By B.J. Epstein
As my partner and I were planning our recent trip to Cornwall (in the far southwest of the English mainland), I was surprised by the number of B&Bs there that claimed to be “gay-friendly.” The last supposedly gay-friendly place we’d stayed at was a hotel in cosmopolitan London where, when we were checking in, the receptionist said, “Oh, I’m sorry! I misunderstood, I thought you wanted a double bed. Should I give you two twins instead?”
When we confirmed that no, we did indeed want a double bed, she gave us a strange look, as though she couldn’t understand why two women would want to share a bed. Since this took place in a big city, I was naturally a bit suspicious of how things might be in rural Cornwall.
Happily, I couldn’t have been more wrong. We stayed in the lovely Tradewinds B&B, where we got a truly friendly and warm welcome from Julie and Colin. The B&B is in gorgeous Carbis Bay, just outside the artsy town of St. Ives, and we started each day with a yummy breakfast, served to us in our comfortable room. (photo above: Cornwall cliffs)
During the day, we explored St. Ives, which is filled with galleries and museums such as the Tate St. Ives (photo left) known for its great views of the sea and less great contemporary art. Nearby is the Barbara Hepworth Museum and Sculpture Garden , which is in the former studio and garden of the modernist sculptor Barbara Hepworth, and has lovely sea-front walks.
In between our visits to the galleries and the local shops, we stopped for warm cider and Cornish creamed teas (pots of tea served with scones, jam, and local clotted cream) at tea shops like the delicious Digey Food Room.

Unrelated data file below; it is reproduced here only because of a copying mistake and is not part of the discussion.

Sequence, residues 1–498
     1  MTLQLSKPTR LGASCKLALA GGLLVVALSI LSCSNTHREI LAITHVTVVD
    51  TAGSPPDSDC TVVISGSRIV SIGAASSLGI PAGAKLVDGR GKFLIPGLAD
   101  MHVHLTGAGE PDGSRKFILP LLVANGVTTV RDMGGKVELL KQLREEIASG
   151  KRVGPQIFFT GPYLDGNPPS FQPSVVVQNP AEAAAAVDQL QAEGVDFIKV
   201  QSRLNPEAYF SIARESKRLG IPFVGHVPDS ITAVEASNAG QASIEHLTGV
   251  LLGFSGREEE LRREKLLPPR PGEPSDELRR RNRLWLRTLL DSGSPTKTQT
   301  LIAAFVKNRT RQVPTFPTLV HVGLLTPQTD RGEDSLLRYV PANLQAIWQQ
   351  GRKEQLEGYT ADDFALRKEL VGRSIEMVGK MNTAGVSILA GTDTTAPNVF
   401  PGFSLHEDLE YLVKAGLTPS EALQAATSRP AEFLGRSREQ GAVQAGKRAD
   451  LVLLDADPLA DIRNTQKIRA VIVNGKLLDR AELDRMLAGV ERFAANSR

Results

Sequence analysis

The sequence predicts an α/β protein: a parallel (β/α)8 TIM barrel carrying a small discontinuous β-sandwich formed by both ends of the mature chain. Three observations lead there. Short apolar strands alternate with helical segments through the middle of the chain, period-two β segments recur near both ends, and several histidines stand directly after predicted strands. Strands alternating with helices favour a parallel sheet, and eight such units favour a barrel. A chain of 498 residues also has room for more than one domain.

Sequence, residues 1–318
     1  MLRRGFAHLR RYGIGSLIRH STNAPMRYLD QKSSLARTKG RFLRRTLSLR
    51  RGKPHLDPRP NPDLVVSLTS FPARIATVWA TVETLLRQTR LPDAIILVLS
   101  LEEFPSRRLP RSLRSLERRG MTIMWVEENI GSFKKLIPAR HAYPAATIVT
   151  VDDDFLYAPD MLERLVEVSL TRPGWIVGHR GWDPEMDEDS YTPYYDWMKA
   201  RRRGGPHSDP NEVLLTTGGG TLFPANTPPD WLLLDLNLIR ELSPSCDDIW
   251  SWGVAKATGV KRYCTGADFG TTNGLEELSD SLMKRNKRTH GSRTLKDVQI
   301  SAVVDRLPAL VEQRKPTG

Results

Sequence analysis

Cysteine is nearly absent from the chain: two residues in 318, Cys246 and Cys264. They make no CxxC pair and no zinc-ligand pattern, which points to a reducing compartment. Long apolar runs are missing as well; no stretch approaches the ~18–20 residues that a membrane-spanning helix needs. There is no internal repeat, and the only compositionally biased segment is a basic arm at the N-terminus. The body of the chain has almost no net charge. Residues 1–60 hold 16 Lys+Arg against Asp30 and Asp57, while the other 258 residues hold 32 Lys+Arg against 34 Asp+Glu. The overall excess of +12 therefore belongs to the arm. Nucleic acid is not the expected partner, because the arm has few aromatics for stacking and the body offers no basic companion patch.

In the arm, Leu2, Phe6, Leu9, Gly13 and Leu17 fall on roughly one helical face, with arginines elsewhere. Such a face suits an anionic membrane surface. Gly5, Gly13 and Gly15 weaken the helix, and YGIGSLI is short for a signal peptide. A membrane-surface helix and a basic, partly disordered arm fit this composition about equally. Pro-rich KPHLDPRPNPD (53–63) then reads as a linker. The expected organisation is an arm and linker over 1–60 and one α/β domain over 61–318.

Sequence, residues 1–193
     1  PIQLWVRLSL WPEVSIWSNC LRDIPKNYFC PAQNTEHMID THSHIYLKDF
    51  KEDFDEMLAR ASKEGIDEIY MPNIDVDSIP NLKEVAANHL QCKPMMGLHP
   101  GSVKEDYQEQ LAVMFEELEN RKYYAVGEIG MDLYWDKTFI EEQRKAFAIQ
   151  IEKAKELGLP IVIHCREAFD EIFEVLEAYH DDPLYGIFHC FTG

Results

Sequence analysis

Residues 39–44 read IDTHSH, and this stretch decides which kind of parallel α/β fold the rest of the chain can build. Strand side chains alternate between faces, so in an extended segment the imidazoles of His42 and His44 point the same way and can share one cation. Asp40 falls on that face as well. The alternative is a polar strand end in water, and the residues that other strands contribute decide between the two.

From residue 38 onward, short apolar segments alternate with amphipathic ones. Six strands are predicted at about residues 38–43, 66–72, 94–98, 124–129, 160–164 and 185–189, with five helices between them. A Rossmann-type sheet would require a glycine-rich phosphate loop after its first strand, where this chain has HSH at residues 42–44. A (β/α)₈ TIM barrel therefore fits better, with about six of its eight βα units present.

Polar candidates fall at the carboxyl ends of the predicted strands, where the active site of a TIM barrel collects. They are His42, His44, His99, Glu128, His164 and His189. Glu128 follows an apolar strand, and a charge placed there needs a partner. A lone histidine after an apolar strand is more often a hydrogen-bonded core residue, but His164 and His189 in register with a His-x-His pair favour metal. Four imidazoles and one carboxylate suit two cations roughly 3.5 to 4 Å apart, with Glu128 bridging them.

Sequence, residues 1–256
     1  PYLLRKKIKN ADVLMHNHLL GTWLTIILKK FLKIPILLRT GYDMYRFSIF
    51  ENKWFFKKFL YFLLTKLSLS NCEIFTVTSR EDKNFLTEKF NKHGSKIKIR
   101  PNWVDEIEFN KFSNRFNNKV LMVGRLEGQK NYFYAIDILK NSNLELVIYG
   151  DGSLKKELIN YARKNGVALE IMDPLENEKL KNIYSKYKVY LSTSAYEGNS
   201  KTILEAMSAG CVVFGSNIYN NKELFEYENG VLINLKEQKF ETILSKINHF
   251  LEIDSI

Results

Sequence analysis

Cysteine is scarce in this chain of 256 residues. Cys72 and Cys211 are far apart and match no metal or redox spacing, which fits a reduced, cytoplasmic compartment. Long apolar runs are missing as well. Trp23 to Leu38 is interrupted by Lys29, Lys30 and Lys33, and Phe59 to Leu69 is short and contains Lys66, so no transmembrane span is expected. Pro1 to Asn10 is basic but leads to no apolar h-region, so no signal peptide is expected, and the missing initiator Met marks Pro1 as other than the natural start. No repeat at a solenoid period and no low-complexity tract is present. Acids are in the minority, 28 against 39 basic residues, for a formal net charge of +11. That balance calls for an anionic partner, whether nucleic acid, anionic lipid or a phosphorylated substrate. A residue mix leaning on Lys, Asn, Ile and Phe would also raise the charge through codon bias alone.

(photo right: Cornish pasty)
In the evening, we ate fresh fish and seafood at restaurants such as the Mermaid (where the waitress placed a candle and a flower on our table, to make it “more romantic” for us) and the Seafood Café (where you pick out your own fish from a display and then choose sauces and side dishes), and then we retired to the B&B, which houses an extensive library of DVDs.
While we quite enjoyed St. Ives itself, we found other places a bit disappointing. The city of Penzance is gloomy and run-down; Land’s End has been turned into a tacky, overpriced, commercialized park, which takes away from the magnificent views, although the pub (called either the First Pub in England or the Last Pub in England, depending on if you are coming or going) has a good selection of local ales and ciders and a warm fire. Nearby is the Eden Project in St. Austell (the world’s largest greenhouse) which seems more suited to children than to adults and the biospheres are not as impressive as they look to be from the outside. (photo left)
In St. Ives, we quickly got used to being able to hold hands or show affection without anyone commenting, but when we went to the small village of Tennor, known for its 13th century pub, we were reminded of how non-gay-friendly so many places actually are.
The atmosphere in the pub was decidedly awkward and we ate our food and drank our ales and then made a swift exit, under the watchful gaze of the locals.
Still, there were other nice aspects to our trip. We loved the Seal Sanctuary in Gweek, where they care for orphaned and sick seals and other marine creatures, and we bought cider and jam at Healey’s Cornish Cyder Farm near Newquay (photo right). All told, we had a wonderful time in Cornwall and found it to be a mostly gay-friendly place to visit. There is a gay Cornwall guide that lists events and gatherings in the area. We would definitely return.
B.J. Epstein is a lecturer in literature and translation at the University of East Anglia in Norwich, England. She can be reached through A Way With Words Language Services: Translation, Writing, Copy Editing–Swedish Swedish, English, Norwegian and Danish.